More information emerges about Donegal’s highest house

Family members at the house.

THE wallsteds of a two-storey house revealed by recent tree feeling at Meenaroy continues to attract much interest since it was featured in last week’s edition of the Donegal News.
Known locally ‘Burdon’s House’ it was the highest house above sea level in Donegal. It was built by Paddy Rua McGlynn almost one hundred years ago. The remains of the once impressive dwelling re-appeared on the sky-line just off the main Letterkenny to Glenties road earlier this month.
We initially reported that there were four children born to Patrick and Mary McGlynn but we have since been contacted by more McGlynn siblings to let us know that, in fact, the couple had seven children.
Two brothers Joseph and Peter went to America while Hugh was killed in a car accident. Patrick, a married man with four children, lived locally in Fintown for a period of time before settling in Wicklow; Connie worked as a teacher in Kingscourt, Co Cavan; Catherine died very young in America while Mary married Dan McCloskey from Dunkineely.
Mrs Frances Dee McGlynn Weiss was the first grand-child born in the McGlynn family. Speaking to the Donegal News this week, Mrs Weiss explained that there were seven McGlynn children – Mary, Catherine, Joseph, Peter, Conn, Patrick and Hugh.
“I lived in the house for thirteen months back in 1946-47 after Mary McGlynn, Patrick’s wife, died in 1945. The house belonged to my father Joseph. When he left Ireland to return to America, my father either sold or gave the property to his brother Peter. I can’t believe whoever planted all those trees also destoryed the white-washed thatched building behind the house. That building was where all my aunts and uncles were born. There were no trees on the property when we lived there,” she said.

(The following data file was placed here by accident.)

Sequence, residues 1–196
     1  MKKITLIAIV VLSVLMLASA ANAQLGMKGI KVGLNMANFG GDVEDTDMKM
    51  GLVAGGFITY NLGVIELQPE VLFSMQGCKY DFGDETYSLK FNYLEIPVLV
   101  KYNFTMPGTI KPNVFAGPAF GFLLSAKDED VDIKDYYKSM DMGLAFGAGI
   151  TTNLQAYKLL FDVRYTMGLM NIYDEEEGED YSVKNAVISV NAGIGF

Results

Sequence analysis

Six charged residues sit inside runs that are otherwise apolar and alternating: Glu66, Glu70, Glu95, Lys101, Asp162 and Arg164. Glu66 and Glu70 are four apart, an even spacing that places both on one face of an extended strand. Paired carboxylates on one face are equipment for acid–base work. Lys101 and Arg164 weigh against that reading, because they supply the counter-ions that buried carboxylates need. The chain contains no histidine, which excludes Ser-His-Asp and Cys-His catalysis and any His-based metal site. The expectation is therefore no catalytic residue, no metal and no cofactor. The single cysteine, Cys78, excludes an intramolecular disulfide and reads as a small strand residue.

Ms Kathleen McGlynn, daughter of Peter, also lives in America.
“Two brothers, Joseph and Peter, came to America. Hugh was killed in an auto accident and another girl died young. It was Peter who sold the farm to the forestry. We are proud of our Irish heritage. My sister and I have been back to see the property on several occassions,” Kathleen McGlynn said.
Annette Mc Glynn is the youngest daughter of Connie McGlynn, who died when she was 16 years old.
“I always remembered stories he would tell about Paddy Fada Rua and I have visited Meenaroy several times and no later than two years ago, when I brought my mum who is 85 on a trip down memory lane. I crossed the barrier but could only see part of the house. Your piece has brought back lots of childhood memories. Thank you,” she said.

The tow storey house revealed by tree felling at Meenaroy.

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